Hackney’s concerted effort to improve leisure activities for its ethnically diverse older people’s population has been recognised by the Care Quality Commission.
Hackney Council’s adult social care services were last week rewarded with an excellent rating in the annual performance assessment published by the Care Quality Commission.
The north London council achieved an excellent score in five out of seven outcome categories including improved health and well-being and improved quality of life.
Programmes such as the New Age Games, an annual summer line-up of sporting events held at leisure centres and day centres for older people, have been designed to reduce obesity and the risk of illnesses such as stroke, heart disease and depression.
The games include boccia, which is a Paralympic sport akin to boules, swimming, kayaking, and soca-aerobics, based on the music form that originated in Trinidad.
Now in its second year 80% of 70 participants surveyed have credited the games with helping improve their overall health.
Like all councils across the country, Hackney is under pressure to devise ways of reducing the demand on services caused by the ageing population. By providing opportunities for older people to improve their health and well-being, the local authority is aiming to reduce the onset of ill-health and decline, curbing or delaying demand for social care services.
And for those who have been ill, services are provided to reduce the need for long hospital stays and the need for complex care packages.
Kim Wright, corporate director for community services, says rethinking services offered to older people to focus on prevention and reablement is vital in recognising the needs of an ageing population and will make savings over the long-term.
She points to the council’s Median Road Resource Centre, a former care home that has been turned into a unit to help rehabilitate people leaving hospital, as an example of its success. Among the facilities offered at the centre are a gym.
Providing leisure activities is not just about helping the council cope with rising demand for services but also about giving people what they want, says Wright.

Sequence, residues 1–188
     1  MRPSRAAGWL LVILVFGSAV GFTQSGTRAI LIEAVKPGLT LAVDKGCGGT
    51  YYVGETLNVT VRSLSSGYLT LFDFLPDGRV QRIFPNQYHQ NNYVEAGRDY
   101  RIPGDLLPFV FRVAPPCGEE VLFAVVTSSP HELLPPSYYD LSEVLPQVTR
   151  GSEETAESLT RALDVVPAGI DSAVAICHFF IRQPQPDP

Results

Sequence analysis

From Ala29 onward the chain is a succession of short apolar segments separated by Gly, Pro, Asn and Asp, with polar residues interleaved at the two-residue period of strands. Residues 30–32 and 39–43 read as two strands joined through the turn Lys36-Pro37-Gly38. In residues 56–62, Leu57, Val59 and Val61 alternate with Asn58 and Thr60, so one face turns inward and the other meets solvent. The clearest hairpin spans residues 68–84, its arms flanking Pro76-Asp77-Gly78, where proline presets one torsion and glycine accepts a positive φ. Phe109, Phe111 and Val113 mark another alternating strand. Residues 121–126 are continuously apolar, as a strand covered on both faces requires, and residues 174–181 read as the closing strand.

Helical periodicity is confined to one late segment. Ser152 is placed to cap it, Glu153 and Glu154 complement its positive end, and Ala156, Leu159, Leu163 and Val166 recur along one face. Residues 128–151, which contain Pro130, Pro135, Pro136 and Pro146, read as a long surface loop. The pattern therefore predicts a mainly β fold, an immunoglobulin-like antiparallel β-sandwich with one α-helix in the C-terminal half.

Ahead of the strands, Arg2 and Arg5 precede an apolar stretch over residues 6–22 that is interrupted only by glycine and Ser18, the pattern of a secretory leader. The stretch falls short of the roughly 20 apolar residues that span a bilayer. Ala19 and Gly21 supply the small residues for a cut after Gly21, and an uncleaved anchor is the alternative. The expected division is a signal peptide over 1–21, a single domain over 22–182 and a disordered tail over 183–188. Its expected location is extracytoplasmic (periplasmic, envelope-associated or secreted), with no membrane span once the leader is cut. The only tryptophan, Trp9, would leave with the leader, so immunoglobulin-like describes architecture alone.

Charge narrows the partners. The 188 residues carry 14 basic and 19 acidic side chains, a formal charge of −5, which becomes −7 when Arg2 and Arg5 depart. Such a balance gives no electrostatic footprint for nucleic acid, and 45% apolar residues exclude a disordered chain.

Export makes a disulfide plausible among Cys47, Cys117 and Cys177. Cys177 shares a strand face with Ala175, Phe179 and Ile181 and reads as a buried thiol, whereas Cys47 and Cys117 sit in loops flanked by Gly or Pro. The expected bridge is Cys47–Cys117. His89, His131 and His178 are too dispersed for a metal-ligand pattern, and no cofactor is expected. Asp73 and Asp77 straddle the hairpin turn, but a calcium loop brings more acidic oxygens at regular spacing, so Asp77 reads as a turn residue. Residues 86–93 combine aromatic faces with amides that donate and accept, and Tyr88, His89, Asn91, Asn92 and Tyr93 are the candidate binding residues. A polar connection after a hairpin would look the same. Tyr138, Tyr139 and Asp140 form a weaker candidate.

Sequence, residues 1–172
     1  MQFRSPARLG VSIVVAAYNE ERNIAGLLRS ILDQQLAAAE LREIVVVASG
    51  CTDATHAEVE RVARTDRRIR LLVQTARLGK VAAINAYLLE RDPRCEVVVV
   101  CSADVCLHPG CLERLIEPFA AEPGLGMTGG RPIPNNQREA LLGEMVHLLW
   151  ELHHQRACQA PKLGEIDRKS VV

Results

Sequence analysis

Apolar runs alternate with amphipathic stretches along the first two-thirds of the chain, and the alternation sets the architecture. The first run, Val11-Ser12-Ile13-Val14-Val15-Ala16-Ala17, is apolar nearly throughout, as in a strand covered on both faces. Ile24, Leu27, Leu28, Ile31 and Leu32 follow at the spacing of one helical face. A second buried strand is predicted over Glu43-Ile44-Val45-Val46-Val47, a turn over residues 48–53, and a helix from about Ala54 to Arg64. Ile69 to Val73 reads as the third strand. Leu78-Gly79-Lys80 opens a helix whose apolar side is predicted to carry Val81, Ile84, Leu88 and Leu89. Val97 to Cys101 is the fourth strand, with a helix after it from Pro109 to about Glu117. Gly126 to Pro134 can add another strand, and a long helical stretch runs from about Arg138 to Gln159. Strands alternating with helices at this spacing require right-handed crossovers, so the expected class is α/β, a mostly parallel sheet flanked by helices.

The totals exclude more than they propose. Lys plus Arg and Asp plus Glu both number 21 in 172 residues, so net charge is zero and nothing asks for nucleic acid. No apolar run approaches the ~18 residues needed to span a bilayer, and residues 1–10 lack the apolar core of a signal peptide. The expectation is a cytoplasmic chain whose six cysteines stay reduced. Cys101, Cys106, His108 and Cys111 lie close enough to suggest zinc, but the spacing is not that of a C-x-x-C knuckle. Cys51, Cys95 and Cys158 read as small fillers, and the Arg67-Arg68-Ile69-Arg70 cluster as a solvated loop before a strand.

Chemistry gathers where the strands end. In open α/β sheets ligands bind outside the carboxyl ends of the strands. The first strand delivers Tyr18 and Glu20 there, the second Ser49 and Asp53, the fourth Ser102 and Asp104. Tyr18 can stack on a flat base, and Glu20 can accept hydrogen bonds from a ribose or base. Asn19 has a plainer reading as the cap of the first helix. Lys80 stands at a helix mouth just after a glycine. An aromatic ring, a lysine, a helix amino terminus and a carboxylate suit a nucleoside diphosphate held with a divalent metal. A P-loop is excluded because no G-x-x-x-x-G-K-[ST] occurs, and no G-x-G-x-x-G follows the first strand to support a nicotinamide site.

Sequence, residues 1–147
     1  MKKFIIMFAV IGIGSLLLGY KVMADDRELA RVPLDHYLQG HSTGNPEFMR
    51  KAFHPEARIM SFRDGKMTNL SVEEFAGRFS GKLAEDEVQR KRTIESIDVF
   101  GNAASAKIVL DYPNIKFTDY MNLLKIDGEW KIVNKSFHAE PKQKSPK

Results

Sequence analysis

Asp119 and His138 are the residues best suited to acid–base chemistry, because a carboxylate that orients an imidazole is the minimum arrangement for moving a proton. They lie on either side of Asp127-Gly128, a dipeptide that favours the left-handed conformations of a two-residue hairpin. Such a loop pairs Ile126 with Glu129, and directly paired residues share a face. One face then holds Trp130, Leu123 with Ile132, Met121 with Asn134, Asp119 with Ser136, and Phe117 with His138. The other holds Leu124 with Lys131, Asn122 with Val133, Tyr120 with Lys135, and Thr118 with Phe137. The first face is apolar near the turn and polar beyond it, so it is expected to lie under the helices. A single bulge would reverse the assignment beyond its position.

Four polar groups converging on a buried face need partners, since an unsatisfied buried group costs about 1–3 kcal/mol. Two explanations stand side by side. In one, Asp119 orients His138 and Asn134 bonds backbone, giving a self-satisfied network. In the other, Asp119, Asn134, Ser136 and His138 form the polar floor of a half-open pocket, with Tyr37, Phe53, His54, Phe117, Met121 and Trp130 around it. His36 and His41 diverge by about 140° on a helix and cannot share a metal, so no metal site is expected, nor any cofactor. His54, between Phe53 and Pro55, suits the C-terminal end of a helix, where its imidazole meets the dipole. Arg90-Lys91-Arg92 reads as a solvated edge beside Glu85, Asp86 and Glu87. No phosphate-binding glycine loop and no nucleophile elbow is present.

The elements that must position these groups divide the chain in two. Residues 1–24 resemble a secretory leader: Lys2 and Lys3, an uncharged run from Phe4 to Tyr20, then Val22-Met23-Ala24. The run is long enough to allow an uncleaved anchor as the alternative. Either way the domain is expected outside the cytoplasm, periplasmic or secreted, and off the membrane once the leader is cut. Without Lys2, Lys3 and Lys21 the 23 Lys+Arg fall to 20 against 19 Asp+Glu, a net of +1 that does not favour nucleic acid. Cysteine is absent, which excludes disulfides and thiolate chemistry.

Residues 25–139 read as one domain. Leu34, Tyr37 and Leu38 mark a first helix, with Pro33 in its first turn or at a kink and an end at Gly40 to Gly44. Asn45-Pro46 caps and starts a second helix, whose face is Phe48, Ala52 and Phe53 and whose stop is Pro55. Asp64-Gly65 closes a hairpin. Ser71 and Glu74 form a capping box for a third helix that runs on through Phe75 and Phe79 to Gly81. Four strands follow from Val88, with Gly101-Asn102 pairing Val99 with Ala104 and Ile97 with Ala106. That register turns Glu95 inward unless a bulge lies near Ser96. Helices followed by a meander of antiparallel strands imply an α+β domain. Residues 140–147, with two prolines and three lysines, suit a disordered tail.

“Whenever we consult older people about that they want, the main issue is leisure activities. Not public toilets or transport. They want more access to leisure activities,” she says.
They have been funded by a range of budgets across the council including adult social care and leisure, as well as the health service. People taking-up the new leisure activities are a mix of those who are receiving social care services and people who have never been known to social services, says Wright.
She adds that the programme of activities was promoted by social care staff but also publicised to non-service users by traditional marketing strategies such as newspaper coverage and leaflets.
The aim, she says, is to use a universal service such as leisure but provide a targeted programme of events within it, such as free swimming for the over-60s.
Exercise and social interaction
David Thomson, a manager in the council’s community resource team, which is responsible for services to help older people maintain independence, says the council has sought to expand the number of activities that combine exercise with social interaction, such as tea dances.
Thomson is also responsible for the New Age Games, which runs from August until September. Participants do not compete against one another but are encouraged to beat their personal best.
It was designed to appeal to the culturally diverse population of Hackney, a borough where about 150 languages are spoken. Thomson says the challenge was designing a range of events that would appeal to those who have not traditionally taken up council-run services.
“Health issues affect older people and minority groups in particular so we have tried to provide activities that will appeal to people from different cultures,” says Thomson. “With activities such as a soca aerobics older people are seeing that exercise can be an enjoyable thing.”
Marvin Skinner is one of those making use of the new activities on offer. A Hackney resident for 34 years, she hopes that by taking regular exercise she will remain active. For the past three months she has been doing weekly soca aerobics classes and says she has benefited from them physically and socially. “My body feels good. I get to meet different people. I’ve made some good friends. It’s a day I look forward to and it makes me feel younger.”
This article is published in the 10 December issue of Community Care magazine under the heading Soca-ing up the praise